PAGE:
Jim Gaven - Review & Testimonial

Jim, why is web accessibility important?

For me, there are a few different reasons, and one of them is that it gives people who have disabilities, let's say developmental disabilities, because that's where I spend a lot of my time, maybe even physical disabilities, somebody who is not able to see, so I've spent time with an individual who is blind, and he also has other things going on with special needs, but if he didn't have the internet capability, he lives his life through music and sound, because he doesn't have sight, and he has this little recording device that his mom and dad got for him that he uses records conversations, whether you want him to or not, and not only that, but he's got a super cool braille keyboard, and I've never seen anything like it in my life because I don't have anybody in my immediate family or my close circle that has a disability like that, and he lives his life through music and sound, so if there weren’t anything like that available to him he wouldn't be able to pursue what he loves, which is music.

And he can look stuff up on the internet himself, he uses Google, he does voice to talk, sort of like voice to text recognition stuff sometimes too, he's learned how to type on his braille keyboard. I think it's amazing; something like that is huge. He has autism, among some other things, plus he's blind, and maybe 20 years ago, this wouldn't be a thing where they'd have so much accessibility. I love that because it allows him to be him and pursue the way he pursues the things he cares about, mostly music. 

And another thing is that I've seen in this time, especially this time of the pandemic, that we're all living in now is I wouldn't be able to do what I'm doing. Most of what I've been doing now has been virtual, so I currently spend time with the individuals who didn't have a  smartphone or some electronic device. They didn't know how to maneuver it; then we wouldn't be able to do sessions on facetime or skype or zoom or any other digital platform. So, it's amazing people could still receive services virtually like this.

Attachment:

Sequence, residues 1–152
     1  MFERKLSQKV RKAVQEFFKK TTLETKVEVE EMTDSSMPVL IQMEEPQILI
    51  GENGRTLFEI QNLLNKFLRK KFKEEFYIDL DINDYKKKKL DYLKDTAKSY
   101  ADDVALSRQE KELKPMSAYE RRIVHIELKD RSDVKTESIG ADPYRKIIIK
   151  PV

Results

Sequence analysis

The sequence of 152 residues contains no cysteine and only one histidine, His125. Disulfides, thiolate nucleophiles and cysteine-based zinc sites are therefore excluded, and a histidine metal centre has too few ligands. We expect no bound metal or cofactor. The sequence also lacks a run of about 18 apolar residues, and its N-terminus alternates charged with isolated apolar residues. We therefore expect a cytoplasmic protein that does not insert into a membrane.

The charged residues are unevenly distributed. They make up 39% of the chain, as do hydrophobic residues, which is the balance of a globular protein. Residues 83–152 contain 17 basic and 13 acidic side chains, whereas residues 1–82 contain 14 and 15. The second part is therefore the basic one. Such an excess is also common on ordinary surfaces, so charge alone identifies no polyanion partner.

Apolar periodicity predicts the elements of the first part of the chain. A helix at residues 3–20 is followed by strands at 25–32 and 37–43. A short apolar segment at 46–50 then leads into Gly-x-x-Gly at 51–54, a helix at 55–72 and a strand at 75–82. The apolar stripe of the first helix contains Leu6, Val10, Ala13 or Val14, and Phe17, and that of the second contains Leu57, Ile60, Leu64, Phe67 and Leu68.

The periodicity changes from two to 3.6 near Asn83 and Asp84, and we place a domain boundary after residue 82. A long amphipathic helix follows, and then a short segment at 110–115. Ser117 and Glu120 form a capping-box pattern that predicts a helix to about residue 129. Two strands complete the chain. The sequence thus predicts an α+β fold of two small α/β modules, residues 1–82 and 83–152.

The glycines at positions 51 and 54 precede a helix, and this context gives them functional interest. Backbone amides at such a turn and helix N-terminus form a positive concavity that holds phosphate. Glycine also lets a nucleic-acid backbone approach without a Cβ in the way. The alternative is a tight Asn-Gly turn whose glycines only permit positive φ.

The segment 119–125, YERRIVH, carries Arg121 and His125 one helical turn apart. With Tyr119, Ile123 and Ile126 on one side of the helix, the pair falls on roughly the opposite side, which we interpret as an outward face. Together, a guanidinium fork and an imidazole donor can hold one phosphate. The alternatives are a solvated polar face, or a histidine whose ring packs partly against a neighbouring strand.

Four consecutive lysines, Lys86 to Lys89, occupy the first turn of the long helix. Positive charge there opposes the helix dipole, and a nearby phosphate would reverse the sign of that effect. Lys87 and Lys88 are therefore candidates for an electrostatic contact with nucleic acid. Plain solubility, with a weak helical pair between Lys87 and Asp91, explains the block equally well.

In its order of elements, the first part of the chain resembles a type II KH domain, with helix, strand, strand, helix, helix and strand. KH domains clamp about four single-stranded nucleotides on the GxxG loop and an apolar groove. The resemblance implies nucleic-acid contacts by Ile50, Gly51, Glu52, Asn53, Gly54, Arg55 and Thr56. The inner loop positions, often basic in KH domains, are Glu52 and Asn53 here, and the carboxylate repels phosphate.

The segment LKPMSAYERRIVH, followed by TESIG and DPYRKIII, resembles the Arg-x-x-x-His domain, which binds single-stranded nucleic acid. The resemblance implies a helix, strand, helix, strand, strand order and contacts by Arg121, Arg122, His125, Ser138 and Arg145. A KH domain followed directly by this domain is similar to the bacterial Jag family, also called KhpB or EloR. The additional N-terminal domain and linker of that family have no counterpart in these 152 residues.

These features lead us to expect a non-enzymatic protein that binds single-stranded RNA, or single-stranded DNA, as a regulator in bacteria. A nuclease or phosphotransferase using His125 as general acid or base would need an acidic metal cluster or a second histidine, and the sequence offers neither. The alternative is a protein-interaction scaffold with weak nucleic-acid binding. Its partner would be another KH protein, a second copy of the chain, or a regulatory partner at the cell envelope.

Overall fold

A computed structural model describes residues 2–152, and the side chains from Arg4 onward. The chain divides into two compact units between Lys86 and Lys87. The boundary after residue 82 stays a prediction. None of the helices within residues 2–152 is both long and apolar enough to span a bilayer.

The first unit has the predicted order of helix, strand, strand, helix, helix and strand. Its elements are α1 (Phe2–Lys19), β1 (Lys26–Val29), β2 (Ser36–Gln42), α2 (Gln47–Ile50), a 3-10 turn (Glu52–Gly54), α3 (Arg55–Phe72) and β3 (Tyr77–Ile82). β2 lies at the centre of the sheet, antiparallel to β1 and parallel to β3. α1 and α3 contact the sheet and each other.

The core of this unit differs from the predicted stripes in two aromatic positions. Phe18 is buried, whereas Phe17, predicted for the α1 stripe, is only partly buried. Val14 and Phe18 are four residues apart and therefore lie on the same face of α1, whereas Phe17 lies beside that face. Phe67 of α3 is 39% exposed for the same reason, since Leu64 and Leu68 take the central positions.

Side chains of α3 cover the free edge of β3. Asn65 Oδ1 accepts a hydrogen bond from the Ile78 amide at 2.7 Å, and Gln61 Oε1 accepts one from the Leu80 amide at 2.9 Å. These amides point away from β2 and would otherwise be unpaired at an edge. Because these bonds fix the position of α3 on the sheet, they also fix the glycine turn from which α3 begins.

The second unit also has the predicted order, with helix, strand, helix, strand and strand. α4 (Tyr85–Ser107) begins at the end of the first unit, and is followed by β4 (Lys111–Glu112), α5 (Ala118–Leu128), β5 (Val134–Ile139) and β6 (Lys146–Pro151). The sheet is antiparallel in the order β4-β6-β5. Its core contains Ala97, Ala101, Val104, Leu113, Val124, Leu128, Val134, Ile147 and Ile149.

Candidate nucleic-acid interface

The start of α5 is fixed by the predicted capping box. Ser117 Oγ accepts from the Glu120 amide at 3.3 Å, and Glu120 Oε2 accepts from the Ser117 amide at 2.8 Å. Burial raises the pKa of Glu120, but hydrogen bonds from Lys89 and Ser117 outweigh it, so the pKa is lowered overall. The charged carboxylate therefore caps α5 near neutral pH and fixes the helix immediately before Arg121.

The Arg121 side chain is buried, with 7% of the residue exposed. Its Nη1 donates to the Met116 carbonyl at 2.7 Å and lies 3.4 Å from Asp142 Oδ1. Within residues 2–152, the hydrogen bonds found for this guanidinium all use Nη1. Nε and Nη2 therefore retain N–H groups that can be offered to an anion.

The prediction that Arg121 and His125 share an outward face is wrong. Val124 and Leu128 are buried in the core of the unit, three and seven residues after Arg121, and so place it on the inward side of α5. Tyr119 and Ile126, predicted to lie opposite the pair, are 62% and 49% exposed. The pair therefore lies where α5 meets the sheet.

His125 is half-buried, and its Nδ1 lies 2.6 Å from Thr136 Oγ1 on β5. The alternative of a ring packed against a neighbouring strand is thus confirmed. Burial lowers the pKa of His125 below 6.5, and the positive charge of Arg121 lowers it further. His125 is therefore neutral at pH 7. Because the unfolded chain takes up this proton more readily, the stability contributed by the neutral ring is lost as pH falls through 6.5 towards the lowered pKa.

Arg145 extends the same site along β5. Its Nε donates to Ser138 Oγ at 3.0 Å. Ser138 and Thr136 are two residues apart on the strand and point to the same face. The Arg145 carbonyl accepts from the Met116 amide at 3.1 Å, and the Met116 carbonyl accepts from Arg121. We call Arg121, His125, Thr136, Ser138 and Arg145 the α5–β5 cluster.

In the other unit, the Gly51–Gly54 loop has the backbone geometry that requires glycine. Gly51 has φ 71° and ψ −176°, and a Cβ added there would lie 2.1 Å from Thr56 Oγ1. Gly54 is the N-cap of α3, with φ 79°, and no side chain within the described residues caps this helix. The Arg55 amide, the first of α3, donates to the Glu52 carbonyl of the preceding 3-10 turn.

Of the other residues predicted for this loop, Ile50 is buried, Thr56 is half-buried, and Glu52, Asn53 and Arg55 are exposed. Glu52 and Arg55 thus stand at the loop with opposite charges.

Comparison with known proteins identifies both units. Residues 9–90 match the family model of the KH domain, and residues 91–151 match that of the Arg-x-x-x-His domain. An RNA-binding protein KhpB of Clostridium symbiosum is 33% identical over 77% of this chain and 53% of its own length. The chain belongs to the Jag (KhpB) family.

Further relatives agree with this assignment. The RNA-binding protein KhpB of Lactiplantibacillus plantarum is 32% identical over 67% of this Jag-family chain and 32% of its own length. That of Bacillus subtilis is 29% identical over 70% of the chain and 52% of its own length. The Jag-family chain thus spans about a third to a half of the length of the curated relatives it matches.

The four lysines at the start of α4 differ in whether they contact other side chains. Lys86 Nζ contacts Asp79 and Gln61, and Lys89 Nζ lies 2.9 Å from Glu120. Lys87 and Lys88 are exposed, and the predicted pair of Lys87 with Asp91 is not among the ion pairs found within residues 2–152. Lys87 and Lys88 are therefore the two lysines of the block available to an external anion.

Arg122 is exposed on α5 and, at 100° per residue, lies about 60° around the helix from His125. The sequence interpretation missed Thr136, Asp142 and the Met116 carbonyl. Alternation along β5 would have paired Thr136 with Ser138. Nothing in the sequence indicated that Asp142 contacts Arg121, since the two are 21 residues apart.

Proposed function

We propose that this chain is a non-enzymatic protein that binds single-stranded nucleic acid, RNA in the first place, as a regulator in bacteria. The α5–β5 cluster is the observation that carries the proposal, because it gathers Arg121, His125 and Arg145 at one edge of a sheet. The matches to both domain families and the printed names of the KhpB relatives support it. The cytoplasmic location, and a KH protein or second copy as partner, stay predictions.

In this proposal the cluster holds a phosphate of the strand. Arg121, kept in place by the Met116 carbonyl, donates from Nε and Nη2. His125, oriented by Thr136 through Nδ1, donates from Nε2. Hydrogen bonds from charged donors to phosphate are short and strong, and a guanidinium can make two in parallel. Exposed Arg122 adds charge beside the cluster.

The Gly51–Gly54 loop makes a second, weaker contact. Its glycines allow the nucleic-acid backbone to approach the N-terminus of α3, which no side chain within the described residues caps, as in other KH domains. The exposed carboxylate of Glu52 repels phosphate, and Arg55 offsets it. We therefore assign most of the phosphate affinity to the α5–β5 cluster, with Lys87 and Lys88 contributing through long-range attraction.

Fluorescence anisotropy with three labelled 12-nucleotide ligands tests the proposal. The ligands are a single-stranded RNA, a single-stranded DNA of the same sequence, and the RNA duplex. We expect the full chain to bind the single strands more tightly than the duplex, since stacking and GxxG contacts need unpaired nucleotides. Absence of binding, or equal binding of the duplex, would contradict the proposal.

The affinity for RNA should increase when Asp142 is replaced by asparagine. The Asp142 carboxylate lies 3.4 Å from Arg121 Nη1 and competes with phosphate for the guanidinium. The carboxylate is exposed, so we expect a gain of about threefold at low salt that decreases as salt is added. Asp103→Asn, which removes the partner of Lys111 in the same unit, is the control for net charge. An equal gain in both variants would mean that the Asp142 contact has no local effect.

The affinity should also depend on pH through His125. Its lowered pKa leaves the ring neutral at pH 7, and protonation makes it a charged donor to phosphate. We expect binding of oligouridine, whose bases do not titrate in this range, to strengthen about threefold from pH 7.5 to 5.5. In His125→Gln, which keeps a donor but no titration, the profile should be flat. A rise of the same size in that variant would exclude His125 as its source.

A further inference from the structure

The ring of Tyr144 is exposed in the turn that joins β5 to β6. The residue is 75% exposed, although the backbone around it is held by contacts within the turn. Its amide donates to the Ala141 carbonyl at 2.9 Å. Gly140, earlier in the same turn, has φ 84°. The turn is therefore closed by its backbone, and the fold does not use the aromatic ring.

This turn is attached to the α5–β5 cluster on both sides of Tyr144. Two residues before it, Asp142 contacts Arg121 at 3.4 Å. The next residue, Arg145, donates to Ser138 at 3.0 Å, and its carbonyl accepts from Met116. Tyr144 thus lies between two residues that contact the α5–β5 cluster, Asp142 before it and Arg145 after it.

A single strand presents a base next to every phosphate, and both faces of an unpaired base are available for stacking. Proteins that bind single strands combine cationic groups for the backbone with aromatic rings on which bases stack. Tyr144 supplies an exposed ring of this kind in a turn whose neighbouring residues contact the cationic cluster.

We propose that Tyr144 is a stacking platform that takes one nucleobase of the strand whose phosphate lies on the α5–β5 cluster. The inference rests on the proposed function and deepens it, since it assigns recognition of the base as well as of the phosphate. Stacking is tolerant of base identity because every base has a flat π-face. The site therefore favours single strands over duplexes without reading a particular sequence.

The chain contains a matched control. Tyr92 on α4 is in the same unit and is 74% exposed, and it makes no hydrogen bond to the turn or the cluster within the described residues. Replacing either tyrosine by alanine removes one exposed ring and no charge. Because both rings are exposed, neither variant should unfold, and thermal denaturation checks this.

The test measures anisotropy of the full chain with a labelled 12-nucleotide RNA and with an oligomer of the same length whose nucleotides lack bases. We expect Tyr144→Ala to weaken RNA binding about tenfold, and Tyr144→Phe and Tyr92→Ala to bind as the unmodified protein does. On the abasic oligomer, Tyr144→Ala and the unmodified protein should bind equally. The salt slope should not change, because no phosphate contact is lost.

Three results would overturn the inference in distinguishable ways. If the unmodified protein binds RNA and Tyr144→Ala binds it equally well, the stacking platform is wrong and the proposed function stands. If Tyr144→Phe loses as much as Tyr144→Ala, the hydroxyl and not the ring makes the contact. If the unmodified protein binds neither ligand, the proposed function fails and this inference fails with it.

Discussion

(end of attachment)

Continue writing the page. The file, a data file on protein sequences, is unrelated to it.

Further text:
If we didn't have this capability, people would be kind of SOL, for lack of a better way to say it, and I get to be able to do what I do and help people, and they still get to enjoy what they like to do, and they're doing it themselves. I mean, I have individuals who have down syndrome, cerebral palsy, autism, and most of them, not all of them. Still, most of them connect with me straight up, just them and me, so they've been able to figure out how to use facetime and skype and zoom and all these other digital platforms, which is cool. 

I like what you said. This was unique for me to hear that it lets them be them; they’re not restricted by anyone else's perception of how they should express themselves. It's letting people be who they want to be. In the end, we all have the obstacles of the internet and how much we can take advantage of it. So, I think that's beautifully said.

I noticed some things that you said about your services as well, that it's about improving the quality of life by letting people express themselves in the way they want to do. So I think we relate there.

Is there anything else you'd like to tell us about your opinions about accessibility and web accessibility? I know that you deal with music, which is interesting; I’d love to hear more.

Web accessibility is great for music. I mean, think you could learn how to play an instrument just by popping onto YouTube. People can learn guitar these days or piano or whatever instrument you want, without having a physical teacher there. That sounds crazy, coming from a business owner who does one-on-one lessons and uses that for their business.

But really, you could learn this stuff on your own, and YouTube is out there; there’s a lot of really cool apps that are on electronic devices that you need to connect to the internet to say using Garageband on an iPad or there are other apps that you can sort of joining other people in real-time almost like you're playing a video game, you've got the headset on you, got your video game. Still, you’re not in the same physical space. Still, you’re in the same digital electronic space, and that's been cool too that I've seen people using that playing video games and seeing their friends that they haven't been able to see, just virtually hear them and maybe see them on the screen in the upper corner. So, I love this because this is now the way the world is. And so we might as well adapt to it and embrace it because otherwise we'll get left behind.